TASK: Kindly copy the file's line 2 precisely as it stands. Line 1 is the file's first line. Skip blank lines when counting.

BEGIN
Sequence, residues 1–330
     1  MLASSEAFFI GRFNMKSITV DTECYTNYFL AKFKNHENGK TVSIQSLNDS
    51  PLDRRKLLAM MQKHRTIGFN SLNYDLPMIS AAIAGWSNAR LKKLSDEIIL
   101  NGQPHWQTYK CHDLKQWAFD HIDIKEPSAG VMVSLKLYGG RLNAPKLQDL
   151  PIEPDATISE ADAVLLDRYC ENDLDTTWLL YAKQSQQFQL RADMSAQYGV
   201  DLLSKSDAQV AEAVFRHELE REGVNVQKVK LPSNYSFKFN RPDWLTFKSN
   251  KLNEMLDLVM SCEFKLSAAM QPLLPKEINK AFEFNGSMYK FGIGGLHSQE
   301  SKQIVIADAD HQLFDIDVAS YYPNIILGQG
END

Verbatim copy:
     1  MLASSEAFFI GRFNMKSITV DTECYTNYFL AKFKNHENGK TVSIQSLNDS